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When all the good choices have disappeared faster than kids at chore time
If eighteen was the age of exciting self-discovery, then forty-five was the weary age of having zero shits left to give.
What did it matter if my husband of twenty years was rotting in federal jail? And that our chiropractic clinic had gone belly up, leaving me jobless? Or that my friends had turned from “we’ll help hide a body” to “we’ve got your back until the reporters hit our lawn?” I also didn’t care that the DEA had frozen our joint bank accounts and seized our assets. I never liked that house anyway.
Homeless. Jobless. Friendless.
Add in a pickup truck, beer, and an old dog and it would be the most pathetic country song played on the tiniest fiddle ever. I gritted my teeth as the wipers shrieked across the windshield. Nothing like driving through a late-October downpour to add to your misery, and the constantly patched roads in this part of Central Texas didn’t handle rain well.
My phone rang with its cheerful tone that I kept forgetting to change. Sadie’s name lit up on the display, and I almost knocked it off the dashboard holder while hitting the speaker button.
“Sadie? Is everything okay? How’s Laney?” I really hoped the trembling in my voice wasn’t audible. My daughter hadn’t spoken to me in two months, refusing to answer my calls or respond to my texts. Her girlfriend had even gone so far as to block me on her social media.
“Mom? Where are you? God, this connection sucks.” Her voice had a recognizable anxious edge to it. I wanted to ask if she was taking her meds, but at twenty-one Sadie hated coddling. “Someone needs to talk to you.”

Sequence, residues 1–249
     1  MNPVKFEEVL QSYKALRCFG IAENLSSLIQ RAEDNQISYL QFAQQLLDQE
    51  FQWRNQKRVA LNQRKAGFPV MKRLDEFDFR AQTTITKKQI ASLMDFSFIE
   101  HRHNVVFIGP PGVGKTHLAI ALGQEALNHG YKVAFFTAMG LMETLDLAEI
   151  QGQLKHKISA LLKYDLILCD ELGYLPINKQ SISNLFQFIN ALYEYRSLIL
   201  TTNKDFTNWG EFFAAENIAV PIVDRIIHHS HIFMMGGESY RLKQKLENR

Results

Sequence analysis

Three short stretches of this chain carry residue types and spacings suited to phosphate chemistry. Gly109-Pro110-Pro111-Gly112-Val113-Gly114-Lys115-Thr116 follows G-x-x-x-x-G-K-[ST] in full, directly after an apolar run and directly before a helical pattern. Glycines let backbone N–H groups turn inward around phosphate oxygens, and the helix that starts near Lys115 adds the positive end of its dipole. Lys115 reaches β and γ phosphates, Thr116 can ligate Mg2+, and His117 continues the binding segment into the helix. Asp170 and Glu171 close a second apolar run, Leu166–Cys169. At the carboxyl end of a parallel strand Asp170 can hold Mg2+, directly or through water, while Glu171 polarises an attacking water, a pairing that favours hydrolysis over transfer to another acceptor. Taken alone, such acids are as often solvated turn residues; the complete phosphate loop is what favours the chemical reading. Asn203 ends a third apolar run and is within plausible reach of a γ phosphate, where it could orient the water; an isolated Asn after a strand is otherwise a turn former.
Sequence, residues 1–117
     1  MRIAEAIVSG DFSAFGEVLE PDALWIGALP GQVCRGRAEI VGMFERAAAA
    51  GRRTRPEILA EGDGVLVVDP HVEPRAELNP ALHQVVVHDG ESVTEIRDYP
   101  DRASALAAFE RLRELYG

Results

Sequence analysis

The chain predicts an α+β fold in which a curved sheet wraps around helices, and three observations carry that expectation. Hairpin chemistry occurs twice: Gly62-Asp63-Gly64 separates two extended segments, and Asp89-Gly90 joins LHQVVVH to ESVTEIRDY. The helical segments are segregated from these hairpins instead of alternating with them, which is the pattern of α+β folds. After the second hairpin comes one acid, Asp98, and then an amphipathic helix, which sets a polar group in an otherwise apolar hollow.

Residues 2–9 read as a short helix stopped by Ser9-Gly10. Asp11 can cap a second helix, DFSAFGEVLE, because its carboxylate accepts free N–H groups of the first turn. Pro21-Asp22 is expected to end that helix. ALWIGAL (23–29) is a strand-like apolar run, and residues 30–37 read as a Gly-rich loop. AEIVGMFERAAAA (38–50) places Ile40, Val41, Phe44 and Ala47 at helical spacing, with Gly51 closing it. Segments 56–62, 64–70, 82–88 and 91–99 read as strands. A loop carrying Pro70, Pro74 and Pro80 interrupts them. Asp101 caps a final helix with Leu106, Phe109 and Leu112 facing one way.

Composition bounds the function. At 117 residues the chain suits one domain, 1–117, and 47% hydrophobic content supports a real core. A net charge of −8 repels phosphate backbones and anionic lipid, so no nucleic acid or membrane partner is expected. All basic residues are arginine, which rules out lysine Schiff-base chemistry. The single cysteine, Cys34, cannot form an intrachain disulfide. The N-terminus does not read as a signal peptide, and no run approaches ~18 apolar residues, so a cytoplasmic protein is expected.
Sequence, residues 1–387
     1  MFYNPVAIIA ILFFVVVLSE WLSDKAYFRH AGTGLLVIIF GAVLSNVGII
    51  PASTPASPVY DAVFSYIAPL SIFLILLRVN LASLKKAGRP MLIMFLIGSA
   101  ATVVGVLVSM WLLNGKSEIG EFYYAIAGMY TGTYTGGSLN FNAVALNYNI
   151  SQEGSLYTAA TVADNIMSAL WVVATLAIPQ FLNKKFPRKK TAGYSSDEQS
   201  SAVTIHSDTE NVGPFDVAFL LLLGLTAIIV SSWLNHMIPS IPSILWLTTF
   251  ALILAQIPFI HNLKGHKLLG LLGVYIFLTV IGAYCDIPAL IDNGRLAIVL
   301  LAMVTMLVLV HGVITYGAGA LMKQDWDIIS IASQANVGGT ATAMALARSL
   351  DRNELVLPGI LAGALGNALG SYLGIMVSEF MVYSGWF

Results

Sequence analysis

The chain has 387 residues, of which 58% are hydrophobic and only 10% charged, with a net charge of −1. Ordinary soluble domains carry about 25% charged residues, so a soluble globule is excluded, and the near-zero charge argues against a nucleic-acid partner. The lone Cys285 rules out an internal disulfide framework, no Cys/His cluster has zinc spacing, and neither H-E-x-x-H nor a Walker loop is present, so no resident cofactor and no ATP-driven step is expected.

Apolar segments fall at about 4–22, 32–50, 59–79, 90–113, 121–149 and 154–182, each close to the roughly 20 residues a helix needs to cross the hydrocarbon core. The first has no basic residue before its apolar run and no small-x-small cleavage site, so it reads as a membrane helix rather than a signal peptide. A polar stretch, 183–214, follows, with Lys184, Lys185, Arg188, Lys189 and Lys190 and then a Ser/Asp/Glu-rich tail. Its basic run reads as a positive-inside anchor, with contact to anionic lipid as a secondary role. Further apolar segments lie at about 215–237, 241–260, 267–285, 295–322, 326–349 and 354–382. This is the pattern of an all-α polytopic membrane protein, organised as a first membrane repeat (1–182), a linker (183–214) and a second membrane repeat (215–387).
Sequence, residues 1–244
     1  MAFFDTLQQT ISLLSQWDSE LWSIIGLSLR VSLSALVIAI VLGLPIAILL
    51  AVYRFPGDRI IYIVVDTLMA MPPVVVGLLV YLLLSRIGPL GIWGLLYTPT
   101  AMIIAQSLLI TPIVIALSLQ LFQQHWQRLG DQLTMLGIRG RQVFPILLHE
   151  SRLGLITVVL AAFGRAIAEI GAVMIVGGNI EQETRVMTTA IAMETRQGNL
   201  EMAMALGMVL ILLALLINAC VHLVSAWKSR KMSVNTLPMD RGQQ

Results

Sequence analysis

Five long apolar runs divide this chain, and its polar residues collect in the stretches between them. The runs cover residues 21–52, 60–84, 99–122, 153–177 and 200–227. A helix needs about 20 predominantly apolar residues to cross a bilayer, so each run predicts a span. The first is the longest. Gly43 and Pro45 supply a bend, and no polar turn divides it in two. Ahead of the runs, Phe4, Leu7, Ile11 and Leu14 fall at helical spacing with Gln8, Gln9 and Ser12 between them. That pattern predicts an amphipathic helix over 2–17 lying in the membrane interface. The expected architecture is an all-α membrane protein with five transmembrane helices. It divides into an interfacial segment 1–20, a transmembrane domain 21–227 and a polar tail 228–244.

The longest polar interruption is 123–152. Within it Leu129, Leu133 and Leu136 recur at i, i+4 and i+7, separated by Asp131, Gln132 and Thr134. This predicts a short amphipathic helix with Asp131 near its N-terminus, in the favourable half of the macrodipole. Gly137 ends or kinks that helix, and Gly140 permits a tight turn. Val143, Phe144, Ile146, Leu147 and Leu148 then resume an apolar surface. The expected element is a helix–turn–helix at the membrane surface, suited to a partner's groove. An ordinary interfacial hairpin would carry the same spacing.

“What?” I eased onto the shoulder of the road, then placed the truck into park. “Who?”
“Mrs. Collins? Uh, Everly Collins? This is Sam Duncan, your husband’s attorney? We really must discuss your husband’s case.”
I glanced at the clock on my dash: 10:33 p.m. Duncan was raking in some serious OT.
“What the hell are you doing with my daughter?”
“Mrs. Collins?” He lowered his voice. “I know you’ve been advised not to speak with me. But you really need to before certain other people do. We can meet anywhere you want.”
“Listen to me, you scum licker. Tell my husband and his thug buddies to leave my kid out of their mess. I’m not afraid of their flaccid threats and won’t be intimidated.” I slapped at the phone to turn it off, sending it careening to the passenger floorboard, out of reach and therefore away from temptation.
I didn’t have the money to replace the stupid thing, but the desire to take out my frustration on the helpless and innocent electronic device was strong.
Part of me wanted to turn the vehicle around, race to Sadie’s apartment in Austin, and kick the crap out of that attorney. But I knew the truth. Sadie had taken her dad’s side and was angry I’d snitched on him. She would do whatever she could to get him out of trouble. What was a little money laundering for drug dealers, after all? She might have my dark hair and eyes, but unfortunately, she inherited her father’s defective moral compass.
A lesson for all the kiddies: choose the sperm donor for your progeny well.